"We donned coats and hats in record time. As I went out the door, I pulled my old black sweater from its hook. I chose four children to hold the sweater taut under the leaden gray sky. “See how many flakes you can catch! You can take a really close look if you’ll hold your breath so you don’t melt them. Find out how many sides they have!” Every few minutes I called a new group to hold the sweater while the rest of the children danced with outspread arms, throwing back their heads to catch flakes on their tongues. As I watched, tears stung my eyes, and the intensity of joy I felt caused all other concerns to recede into the background. Mundane issues such as math assessments or the fact that I was pretty sure I was getting a cold myself no longer seemed so troublesome in light of the magic of watching small children reaching out to catch snowflakes."This afternoon I sat on my front porch, watching the beginning of a storm that is predicted to add twelve more inches to the snow cover already on the ground by tomorrow morning. Even though I retired from teaching nearly two years ago, I could hear the echoes of childish voices, and nearly see little faces turned upwards to catch flakes of snow. I shot this 30 second video of a Kansas snowstorm. Snow is magical, probably because it is rare. Enjoy!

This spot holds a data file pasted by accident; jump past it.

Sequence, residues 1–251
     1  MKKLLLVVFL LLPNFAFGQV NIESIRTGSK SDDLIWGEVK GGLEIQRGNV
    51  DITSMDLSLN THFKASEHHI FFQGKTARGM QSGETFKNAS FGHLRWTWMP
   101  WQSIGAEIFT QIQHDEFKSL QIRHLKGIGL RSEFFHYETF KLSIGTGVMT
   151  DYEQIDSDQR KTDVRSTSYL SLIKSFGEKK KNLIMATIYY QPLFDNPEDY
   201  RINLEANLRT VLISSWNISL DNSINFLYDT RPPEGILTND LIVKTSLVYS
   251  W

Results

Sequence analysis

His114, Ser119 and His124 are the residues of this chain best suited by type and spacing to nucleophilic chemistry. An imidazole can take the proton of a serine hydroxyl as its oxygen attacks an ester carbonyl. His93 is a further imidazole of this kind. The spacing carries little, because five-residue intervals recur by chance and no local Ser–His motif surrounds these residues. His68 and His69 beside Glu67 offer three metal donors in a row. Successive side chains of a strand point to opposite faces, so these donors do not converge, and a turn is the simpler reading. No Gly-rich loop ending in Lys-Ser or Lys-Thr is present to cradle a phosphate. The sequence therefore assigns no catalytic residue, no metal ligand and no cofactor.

March 2014: The Children Are Tender
Monday, February 25, 2013
An underlying theme in The Children Are Tender is the beauty of the countryside and the wide variety of Kansas weather patterns. One of my favorite scenes in the book describes Lydia's class playing in the snow, a scene recorded nearly verbatim from my own days of teaching first grade: